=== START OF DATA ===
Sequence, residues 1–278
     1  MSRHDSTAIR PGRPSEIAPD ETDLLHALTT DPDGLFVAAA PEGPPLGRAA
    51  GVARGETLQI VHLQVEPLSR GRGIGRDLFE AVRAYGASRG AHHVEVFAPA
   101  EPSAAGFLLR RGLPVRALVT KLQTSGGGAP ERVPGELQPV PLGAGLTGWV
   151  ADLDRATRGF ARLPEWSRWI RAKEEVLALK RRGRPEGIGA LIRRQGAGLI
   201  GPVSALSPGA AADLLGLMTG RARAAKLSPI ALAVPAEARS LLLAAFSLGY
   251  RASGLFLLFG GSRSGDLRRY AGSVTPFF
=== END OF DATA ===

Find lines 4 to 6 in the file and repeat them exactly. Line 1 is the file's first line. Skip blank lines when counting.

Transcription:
   101  EPSAAGFLLR RGLPVRALVT KLQTSGGGAP ERVPGELQPV PLGAGLTGWV
   151  ADLDRATRGF ARLPEWSRWI RAKEEVLALK RRGRPEGIGA LIRRQGAGLI
   201  GPVSALSPGA AADLLGLMTG RARAAKLSPI ALAVPAEARS LLLAAFSLGY